It's always especially fortunate for a play, upon its opening, to be riding a wave of the zeitgeist. The current very visible vogue for "outsider art" has been documented recently in such venues as New York magazine and the Observer. Also known by its more noisomely pretentious categorization of art brut," it refers to sketches, paintings, collage, or sculpture by individuals untrained in the genre who inhabit the periphery of society. Convicts, transients, psychiatric inmates, shut-ins, hermits, and other non-academics seem to have some handle on an essential truth in their creations that fascinates the cognoscenti. Playwright Catherine Filloux, in her new work, The Price of Madness, attempts to both explore the phenomenon in and of itself and to use it as a vehicle to examine larger human questions and relationships.
The central character is a painter named "Henri," which he's Anglicized to "Henry." Once highly successful, he finds himself "blocked," with his marriage withering along with his creative impulse. While visiting his schizophrenic Aunt Aloise, he discovers that her crayon drawings are actually vital, brilliantly rendered works of art. He brings some home, hoping to be inspired by them. But, when his agent, Paul, finds them and thinks they're Henri's, he's faced with the ethical dilemma of whether or not to claim them as his own.
Aloise's work eventually sells far better than Henri's. Is Filloux saying that truly meaningful and significant art can only come from the super-rational? The program includes quotations from Dali and Thevoz that would lead one to suspect this to be her thesis. Also, her writing begins to run out of energy near the end, with some cheap jokes out of the Frenchman Paul's shaky command of English (mistakenly speaking of "pussywhipping" instead of "pussyfooting").
Director Donna Moreau-Cupp displayed a confident, parsimonious hand in staging the action and has paced the text with a galvanizing dramatic flow. She handled the moments of high comedy with apposite subtlety and palliated the low comedy with a deft hand. Of most significant note, she made beautifully resourceful use of William Moser's splendid split-level set. The bottom half is the stylishly spare Manhattan studio and apartment of Henri and his wife. The top half is Aloise's simply spare bedroom in Delaware. Moreau-Cupp's use of the levels to contrast parallel actions is sharply observed, as when we see the two characters simultaneously at work in their respective modes: he, constipated and overly intellectualized and she, effortless, letting the art flow out from some inner pool, chattering wryly to herself as she draws.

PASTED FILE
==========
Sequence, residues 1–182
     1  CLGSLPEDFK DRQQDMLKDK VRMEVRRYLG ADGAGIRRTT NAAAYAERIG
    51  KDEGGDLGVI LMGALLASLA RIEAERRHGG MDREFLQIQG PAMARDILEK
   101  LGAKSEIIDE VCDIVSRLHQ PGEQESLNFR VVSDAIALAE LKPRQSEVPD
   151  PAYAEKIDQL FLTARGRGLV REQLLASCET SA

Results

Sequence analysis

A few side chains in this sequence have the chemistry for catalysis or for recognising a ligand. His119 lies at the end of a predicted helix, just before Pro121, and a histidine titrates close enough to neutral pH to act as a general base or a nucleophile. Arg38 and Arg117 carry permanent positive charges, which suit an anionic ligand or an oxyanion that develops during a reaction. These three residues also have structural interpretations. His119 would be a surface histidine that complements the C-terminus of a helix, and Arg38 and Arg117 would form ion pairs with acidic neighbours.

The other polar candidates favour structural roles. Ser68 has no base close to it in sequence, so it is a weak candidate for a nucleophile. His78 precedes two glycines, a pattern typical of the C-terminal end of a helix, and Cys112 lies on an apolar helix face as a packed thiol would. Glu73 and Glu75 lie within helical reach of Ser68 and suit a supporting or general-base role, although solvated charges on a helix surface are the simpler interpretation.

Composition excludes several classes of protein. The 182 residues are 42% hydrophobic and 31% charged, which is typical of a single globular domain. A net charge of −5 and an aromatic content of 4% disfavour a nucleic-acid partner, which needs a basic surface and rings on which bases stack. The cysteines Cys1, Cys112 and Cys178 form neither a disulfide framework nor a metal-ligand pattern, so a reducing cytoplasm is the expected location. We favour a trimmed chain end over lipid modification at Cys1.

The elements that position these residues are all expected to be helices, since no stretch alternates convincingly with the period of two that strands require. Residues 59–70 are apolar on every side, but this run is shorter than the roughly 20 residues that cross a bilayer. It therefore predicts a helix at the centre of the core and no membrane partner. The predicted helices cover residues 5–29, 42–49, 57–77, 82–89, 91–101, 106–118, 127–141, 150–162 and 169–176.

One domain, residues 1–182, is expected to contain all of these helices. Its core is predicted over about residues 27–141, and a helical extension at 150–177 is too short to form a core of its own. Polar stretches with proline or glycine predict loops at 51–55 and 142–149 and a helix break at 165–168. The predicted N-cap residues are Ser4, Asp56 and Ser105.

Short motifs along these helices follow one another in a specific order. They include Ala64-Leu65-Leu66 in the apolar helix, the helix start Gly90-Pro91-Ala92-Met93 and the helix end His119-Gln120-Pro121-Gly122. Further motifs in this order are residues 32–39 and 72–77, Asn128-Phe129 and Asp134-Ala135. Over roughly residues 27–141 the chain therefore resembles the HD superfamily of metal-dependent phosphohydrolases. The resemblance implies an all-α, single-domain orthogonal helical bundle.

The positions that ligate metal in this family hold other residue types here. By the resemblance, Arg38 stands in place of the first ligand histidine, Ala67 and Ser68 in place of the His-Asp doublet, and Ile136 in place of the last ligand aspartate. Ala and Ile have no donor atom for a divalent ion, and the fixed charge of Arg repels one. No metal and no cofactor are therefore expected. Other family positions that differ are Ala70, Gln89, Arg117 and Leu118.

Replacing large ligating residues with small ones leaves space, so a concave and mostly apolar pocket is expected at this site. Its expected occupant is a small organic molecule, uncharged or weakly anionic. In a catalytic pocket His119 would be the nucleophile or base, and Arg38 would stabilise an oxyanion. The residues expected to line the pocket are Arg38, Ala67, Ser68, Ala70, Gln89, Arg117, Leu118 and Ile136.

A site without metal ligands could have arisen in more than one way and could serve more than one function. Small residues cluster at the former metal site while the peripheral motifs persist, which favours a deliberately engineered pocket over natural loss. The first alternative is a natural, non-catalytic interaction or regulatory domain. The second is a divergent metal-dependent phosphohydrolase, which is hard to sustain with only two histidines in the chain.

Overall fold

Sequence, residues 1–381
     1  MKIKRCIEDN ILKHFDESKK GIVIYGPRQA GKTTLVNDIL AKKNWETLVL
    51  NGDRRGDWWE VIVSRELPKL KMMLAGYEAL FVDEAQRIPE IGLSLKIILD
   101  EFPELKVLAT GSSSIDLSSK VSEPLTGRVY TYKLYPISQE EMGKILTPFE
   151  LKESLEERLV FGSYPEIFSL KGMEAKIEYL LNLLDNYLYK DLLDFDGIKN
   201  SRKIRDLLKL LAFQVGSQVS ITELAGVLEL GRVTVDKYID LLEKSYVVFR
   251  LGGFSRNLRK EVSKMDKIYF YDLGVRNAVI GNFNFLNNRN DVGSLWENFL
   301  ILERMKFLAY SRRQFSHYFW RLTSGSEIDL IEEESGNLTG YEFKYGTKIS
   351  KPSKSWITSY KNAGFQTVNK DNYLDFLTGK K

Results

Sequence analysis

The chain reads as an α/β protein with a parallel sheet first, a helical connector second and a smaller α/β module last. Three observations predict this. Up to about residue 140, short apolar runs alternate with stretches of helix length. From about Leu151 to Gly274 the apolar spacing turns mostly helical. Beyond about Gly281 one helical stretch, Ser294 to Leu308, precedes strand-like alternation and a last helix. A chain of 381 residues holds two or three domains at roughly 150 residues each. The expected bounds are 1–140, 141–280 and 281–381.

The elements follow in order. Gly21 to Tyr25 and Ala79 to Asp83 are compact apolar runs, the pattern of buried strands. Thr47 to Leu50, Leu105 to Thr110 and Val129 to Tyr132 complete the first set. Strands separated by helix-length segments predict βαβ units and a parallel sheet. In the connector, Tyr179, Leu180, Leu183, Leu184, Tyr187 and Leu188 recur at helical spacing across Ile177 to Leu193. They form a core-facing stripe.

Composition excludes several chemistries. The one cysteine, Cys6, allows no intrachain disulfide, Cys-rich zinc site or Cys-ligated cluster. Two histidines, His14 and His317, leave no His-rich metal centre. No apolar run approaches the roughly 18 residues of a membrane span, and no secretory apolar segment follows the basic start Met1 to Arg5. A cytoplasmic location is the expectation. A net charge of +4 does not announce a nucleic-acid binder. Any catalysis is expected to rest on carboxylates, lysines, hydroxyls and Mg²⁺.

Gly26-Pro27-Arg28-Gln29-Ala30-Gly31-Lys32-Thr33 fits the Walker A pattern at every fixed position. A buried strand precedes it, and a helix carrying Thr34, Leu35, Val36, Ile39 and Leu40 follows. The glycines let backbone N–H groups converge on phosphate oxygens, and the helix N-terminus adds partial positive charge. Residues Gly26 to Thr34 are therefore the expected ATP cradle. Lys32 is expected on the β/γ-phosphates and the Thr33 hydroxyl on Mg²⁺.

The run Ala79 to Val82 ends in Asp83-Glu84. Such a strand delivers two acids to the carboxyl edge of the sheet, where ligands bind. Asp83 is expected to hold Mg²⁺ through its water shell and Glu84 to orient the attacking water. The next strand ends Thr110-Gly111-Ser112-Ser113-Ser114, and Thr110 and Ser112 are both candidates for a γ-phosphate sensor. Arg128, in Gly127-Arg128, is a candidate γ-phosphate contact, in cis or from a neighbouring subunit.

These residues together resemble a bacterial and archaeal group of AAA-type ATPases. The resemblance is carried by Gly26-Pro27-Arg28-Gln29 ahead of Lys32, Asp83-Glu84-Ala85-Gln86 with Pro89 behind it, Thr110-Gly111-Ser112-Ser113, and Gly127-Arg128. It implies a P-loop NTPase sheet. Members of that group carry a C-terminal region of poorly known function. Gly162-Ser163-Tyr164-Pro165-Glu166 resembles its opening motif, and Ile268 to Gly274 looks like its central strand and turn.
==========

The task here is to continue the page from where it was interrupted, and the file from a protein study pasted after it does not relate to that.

The acting was somewhat problematic. Thomas Schall's Henri was too infrequently emotionally believable and a touch glib. As his wife, Liza O'Keefe offered a somewhat shallow reading. Simon Jutras's Paul was a lovably honest whore. A Gallic elf strongly reminiscent of Bronson Pinchot's "Serge" character in the Beverly Hills Cop flicks. As Aloise, Nicola Shera had a nice handle on a difficult character. Without a trace of condescension or exaggeration, she crafted a formidable spirit within her off-center surface. As Aloise's caregiver, Jane Altman exuded charm in an underwritten role.
Anne Marino and Cathy Small's costumes nicely bespoke the kind of tony art-world couture to which these people would gravitate. The production was also well-served by Brian Haynesworth's elegant lighting and Lewis Flinn's jazz/New Age score.
Copyright 1996 John Michael Koroly
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